What is Standard Deviation?

Standard deviation is a measure of variance within a data set.

It can be thought of as the average distance from the mean (calculated average) for each individual data point in a data set.

Standard deviation is a statistical operation that has wide applications, but for our purposes we’re discussing it as it relates to the Six Sigma program.

As a reference, below is the standard deviation formula, along with a key and the appropriate order of operations.

The Standard Deviation Formula

The standard deviation formula may seem daunting at first, but the context that it provides is essential to understanding the story behind Six Sigma.

Key

Where:

σ = Lower case sigma is the symbol for standard deviation

Σ = Upper case sigma is the summation symbol

X = Each individual value in the data set

x̅ = The arithmetic mean (known as “x-bar”)

n = The number of data points in the set (the number of X values)

Step 1

First, we will need to find the arithmetic mean of the data set so that we have a value for x-bar within the equation. This is the basic average formula: find the sum of all the numbers within the data set, then divide by the number of numbers.

Here we are describing doing things the old-fashioned way, but any spreadsheet software can find the average of a data set with the click of a button. In many cases, standard deviation is calculated as well. Therefore, though this formula is important, it’s often unnecessary to keep it in your memory.

Step 2

Now we need to perform the (x - x̅)2 function.

On a computer, this is easy. With drag and drop formulas and copy and paste functions there is no need to write everything out.

If, however, you want to complete this calculation by hand, the best way to do it is to build a table like the one below. This demonstration table is constructed using the sample data set 5, 12, 16, 21, 28.

The average for this data set is 16.4.

Plugged into our equation, it now looks like this:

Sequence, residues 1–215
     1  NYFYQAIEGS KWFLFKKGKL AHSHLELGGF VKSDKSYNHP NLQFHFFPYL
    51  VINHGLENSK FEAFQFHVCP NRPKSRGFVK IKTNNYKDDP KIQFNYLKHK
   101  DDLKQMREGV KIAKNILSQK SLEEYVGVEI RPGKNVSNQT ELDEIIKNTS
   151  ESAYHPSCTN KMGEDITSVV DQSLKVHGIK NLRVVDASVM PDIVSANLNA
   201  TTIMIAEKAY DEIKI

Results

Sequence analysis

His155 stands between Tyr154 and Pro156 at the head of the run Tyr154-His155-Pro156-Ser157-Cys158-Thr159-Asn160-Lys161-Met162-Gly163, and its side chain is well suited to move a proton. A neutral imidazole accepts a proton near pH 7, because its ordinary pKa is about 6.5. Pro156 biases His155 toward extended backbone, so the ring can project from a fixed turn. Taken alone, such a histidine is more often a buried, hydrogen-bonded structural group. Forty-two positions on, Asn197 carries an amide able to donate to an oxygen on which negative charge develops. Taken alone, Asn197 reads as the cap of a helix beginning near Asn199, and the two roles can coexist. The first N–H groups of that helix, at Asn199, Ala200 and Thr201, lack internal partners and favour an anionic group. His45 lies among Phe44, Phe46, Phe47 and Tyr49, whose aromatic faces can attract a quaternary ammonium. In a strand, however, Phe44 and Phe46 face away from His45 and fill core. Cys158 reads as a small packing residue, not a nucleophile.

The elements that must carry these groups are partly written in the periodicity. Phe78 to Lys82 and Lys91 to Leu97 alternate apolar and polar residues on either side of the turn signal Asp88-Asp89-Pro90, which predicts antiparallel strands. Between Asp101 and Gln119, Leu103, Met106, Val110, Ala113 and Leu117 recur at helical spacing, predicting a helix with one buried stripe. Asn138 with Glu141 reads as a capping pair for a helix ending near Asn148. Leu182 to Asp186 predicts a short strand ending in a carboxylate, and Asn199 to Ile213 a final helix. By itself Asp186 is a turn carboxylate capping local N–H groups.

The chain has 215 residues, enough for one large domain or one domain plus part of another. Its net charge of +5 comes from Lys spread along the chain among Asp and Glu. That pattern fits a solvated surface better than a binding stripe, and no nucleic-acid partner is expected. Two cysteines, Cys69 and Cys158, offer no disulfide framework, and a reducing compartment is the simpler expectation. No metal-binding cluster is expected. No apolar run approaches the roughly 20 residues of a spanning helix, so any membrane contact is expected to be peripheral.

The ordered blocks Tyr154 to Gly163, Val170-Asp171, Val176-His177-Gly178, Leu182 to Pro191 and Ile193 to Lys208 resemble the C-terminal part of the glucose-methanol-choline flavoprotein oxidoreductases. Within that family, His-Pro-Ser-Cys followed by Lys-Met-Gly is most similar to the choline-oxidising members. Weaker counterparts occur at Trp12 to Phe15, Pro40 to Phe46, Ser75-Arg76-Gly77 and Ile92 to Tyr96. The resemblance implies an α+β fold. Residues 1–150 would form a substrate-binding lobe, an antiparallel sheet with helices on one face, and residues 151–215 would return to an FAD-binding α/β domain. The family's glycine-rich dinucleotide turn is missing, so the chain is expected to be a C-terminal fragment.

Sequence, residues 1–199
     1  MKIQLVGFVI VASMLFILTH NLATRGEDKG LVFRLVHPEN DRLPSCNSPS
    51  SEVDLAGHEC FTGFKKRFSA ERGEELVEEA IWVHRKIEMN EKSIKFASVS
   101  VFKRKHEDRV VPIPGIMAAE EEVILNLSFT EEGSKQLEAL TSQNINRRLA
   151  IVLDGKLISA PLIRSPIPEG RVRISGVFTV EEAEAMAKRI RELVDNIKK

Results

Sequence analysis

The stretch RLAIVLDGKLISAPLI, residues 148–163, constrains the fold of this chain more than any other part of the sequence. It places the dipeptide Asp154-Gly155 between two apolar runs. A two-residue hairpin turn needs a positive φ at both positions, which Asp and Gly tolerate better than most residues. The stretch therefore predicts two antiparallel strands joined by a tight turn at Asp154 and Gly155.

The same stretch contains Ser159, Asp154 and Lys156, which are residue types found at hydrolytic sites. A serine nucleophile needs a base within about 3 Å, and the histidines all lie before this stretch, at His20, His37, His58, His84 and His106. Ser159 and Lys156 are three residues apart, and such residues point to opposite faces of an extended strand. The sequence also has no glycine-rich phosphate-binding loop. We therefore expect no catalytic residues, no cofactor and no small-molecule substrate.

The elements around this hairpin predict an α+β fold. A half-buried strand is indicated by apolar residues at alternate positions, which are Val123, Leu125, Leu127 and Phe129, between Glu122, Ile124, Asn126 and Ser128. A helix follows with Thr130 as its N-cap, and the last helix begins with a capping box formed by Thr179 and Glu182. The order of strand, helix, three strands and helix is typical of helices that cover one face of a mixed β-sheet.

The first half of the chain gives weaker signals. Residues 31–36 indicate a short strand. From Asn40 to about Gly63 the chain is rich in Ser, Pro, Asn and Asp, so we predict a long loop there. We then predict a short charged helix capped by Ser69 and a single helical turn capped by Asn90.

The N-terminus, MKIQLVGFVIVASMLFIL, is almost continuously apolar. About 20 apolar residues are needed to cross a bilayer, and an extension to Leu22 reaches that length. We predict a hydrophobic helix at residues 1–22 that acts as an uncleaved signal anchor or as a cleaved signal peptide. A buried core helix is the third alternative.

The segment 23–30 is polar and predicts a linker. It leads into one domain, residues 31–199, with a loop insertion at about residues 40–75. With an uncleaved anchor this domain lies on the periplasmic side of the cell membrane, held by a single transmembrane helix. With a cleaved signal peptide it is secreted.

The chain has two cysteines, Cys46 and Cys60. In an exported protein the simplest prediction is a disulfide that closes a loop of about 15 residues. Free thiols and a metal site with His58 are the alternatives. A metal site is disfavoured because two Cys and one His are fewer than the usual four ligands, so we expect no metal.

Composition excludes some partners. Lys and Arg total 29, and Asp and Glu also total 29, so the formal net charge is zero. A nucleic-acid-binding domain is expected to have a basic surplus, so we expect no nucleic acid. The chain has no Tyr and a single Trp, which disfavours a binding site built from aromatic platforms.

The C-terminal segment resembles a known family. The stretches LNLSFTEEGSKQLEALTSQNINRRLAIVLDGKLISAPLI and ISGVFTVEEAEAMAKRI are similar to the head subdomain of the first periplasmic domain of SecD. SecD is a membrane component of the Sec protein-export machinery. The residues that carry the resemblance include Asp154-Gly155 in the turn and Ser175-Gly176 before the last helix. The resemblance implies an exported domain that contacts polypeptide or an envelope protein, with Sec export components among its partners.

Our formula for standard deviation with the calculated mean of 16.4 plugged in.

And the results:

Note that we are squaring each of the values. Later, we will be finding the square root of the result, but squaring numbers now means that there are no negative values. Negative values get messy when they are in the numerator or denominator of an equation.

Step 3

Now that we have our results for x minus x-bar quantity squared, we see the uppercase sigma statistical operator in the equation. Simply add the values in the last column.

129.96 + 19.36 + .16 + 21.16 + 134.56 = 305.2

Plugged into our equation…

Our updated equation to reflect our results.

There are five data points in the set, which means our n value is 5. Plug that into the equation and we get:

Our equation updated to reflect the results so far.

Or, the square root of 305.2/4, which is 76.3.

The square root of that number rounds to 8.73, meaning that our formula is solved as

σ = 8.73

To put that another way, the average distance that any one data point is away from the average of 16.4 is 8.73.

To learn more about how sigma values are used in the world of Six Sigma, see our breakdown of the topic here, or check out this condensed version on Quora.

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